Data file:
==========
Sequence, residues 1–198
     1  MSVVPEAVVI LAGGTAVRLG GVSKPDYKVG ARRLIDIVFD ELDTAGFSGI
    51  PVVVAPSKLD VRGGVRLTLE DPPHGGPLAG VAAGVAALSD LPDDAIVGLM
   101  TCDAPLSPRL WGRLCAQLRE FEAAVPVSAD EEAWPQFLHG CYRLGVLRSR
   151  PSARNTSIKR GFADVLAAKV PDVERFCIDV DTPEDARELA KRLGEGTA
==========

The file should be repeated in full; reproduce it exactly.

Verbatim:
Sequence, residues 1–198
     1  MSVVPEAVVI LAGGTAVRLG GVSKPDYKVG ARRLIDIVFD ELDTAGFSGI
    51  PVVVAPSKLD VRGGVRLTLE DPPHGGPLAG VAAGVAALSD LPDDAIVGLM
   101  TCDAPLSPRL WGRLCAQLRE FEAAVPVSAD EEAWPQFLHG CYRLGVLRSR
   151  PSARNTSIKR GFADVLAAKV PDVERFCIDV DTPEDARELA KRLGEGTA